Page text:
Baltimore personal injury lawyer

Can You Sue Someone For a Tailgating Accident in Maryland?

Even if you are the most careful driver in the world, you will experience unexpected hazards that require sudden stops. This includes animals darting into the roadway, other vehicles stopping abruptly, dramatic changes in traffic patterns, or people unexpectedly stepping into the road. If there is someone behind you aggressively tailgating you, they may be unable to react to your braking and might crash into the back of your car.

If you or a loved one was injured in an accident that was caused by another driver’s aggressive tailgating, contact our Maryland car accident lawyers as soon as possible. At Rice, Murtha & Psoras, our attorneys offer free legal consultations to help car accident victims understand their rights. Call (410) 694-7291 today to schedule your free case consultation.

Can You Sue For Tailgating? Liability in Rear-end Collisions in Maryland

Yes, you can sue for an injury resulting from a tailgating accident. But you must work with your Maryland personal injury attorney to prove negligence on the part of the other driver.

Although there is a presumption that the rear driver was negligent, it is “rebuttable.” This means that the defendant can avoid liability if they can prove they were not negligent or that your negligent conduct contributed to the accident. For instance, if they claim that you were backing up or that you intentionally stopped short to “brake check” them, that could hurt your case. Our Maryland attorneys will work with you to establish the relevant facts to show that the driver who hit you was at fault. To prove negligence and liability, we will have to establish multiple elements, including a duty, a breach of that duty, causation, and damages.

Maryland Tailgating Laws

Tailgating is more than a poor driving habit and is actually barred under Maryland’s traffic laws. Maryland requires drivers to remain a reasonable distance behind the vehicle in front of them. However, Maryland law does not define the exact distance required. Drivers should consider several factors, including the flow of traffic, the vehicle’s speed, the weather conditions, and the number of other cars on the road when determining a safe following distance.

For Maryland drivers, this law directly affects rear-end collision cases. According to Andrade v. Housein (2002), a rebuttable presumption of negligence exists when a vehicle collides with the back of another car. the presumption assumes that the striking driver failed to maintain a prudent distance between themselves and the vehicle they hit. This presumption that the other driver was at fault is helpful when filing a personal injury claim.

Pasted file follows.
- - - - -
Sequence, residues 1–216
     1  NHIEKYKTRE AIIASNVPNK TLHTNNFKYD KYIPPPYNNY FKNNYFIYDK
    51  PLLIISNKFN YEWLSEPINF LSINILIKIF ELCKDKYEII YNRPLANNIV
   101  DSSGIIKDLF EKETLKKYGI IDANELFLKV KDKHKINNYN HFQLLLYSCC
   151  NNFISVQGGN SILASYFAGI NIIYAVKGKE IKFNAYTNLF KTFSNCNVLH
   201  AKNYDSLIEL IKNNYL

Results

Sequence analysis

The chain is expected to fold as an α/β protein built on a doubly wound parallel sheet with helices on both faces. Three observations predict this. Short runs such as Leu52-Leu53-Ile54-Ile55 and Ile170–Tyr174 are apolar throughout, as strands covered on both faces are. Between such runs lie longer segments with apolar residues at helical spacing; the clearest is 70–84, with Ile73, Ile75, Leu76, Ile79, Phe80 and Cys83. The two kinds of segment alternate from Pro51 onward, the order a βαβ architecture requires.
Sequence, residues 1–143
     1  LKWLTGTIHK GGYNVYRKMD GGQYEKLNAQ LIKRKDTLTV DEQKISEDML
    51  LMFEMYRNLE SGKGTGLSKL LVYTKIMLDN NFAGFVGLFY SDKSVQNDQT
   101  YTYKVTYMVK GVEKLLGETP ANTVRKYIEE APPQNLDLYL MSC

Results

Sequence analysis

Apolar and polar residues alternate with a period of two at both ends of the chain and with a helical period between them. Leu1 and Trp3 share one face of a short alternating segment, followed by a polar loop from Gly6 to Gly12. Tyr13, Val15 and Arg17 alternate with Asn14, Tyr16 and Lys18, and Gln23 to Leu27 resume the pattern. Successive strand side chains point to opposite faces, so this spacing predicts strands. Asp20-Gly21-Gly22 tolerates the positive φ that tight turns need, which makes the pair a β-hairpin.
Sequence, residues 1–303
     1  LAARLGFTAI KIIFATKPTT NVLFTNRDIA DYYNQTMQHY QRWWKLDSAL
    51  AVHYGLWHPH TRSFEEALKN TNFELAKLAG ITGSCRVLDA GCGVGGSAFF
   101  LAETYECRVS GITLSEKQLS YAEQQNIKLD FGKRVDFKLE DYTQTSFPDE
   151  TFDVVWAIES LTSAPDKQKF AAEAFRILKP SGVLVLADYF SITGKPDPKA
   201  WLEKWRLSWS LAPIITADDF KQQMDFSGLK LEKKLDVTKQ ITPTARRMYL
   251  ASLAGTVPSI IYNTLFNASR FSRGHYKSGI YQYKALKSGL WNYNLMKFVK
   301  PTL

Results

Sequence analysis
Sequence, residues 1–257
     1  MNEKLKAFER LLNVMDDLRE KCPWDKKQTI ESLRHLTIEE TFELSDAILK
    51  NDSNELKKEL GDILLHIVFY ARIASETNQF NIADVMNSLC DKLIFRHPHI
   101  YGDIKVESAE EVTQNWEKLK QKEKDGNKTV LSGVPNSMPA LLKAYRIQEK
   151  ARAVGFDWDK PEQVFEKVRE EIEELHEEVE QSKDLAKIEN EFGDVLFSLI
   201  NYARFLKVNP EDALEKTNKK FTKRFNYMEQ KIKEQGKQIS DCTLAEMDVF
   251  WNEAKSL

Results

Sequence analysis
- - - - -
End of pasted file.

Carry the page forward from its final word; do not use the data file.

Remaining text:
First, we need to show that the defendant owed you a duty of care. In cases of auto accidents, this is not a difficult element to prove. All drivers in Maryland owe other drivers a duty of care, requiring them to operate their vehicles safely and prudently. They must also follow traffic laws.


Second, our Maryland attorneys need to establish that the defendant breached the duty of care. If a driver was driving recklessly or aggressively, they would have violated or breached their duty. Any behavior that falls short of their duty would usually qualify as a breach. Tailgating is a violation of Maryland traffic laws and a breach of the driver’s duty of care. We will work to prove this breach by gathering evidence from the scene of the accident, camera footage, police reports, and eyewitness testimony.


Next, to establish liability, we must show causation. Simply put, causation means the defendant’s breach of duty made the accident happen. In this instance, your injury was the direct result of the collision of the two cars, so that breach of duty did indeed cause your injuries. Causation is usually found by determining whether the result was foreseeable and whether the injury was closely related in time and place to the defendant’s negligence. It is predictable that tailgating can lead to an accident, and without a series of cars piled up between you and the driver who caused the crash, it is obviously related.

It is important to note that Maryland liability law follows the “contributory negligence” doctrine. Under this standard, if your conduct contributed in any way to the accident, you cannot recover damages from the defendant. For example, if a jury found that you purposefully slammed on your brakes because you were irritated by the tailgating, you might be unable to collect any compensation.


Finally, you must show actual economic or noneconomic damages. Economic damages are monetary losses that are usually simple to calculate. In a tailgating accident, economic damages could include the cost to repair your damaged vehicle, any medical expenses you incur, and lost wages caused by the injuries.

Noneconomic damages are more abstract and challenging to evaluate. These types of damages include pain and suffering, emotional distress, and loss of consortium. In some rare cases, if a driver’s conduct reached the level of gross negligence, punitive damages may be awarded. Punitive damages are not directly related to your injury and are awarded as a deterrent or punishment for excessively dangerous conduct.

Call an Experienced Attorney If You’ve Been Hurt

Any collision from behind can result in severe injuries that could affect your quality of life for years. You could find yourself missing months of work and facing costly physical therapy if you suffered an injury due to someone’s negligent driving. If you or a loved one was injured in an accident involving aggressive tailgating, contact our Baltimore car accident attorneys. Contact Rice, Murtha & Psoras at(410) 694-7291 today to schedule a free consultation.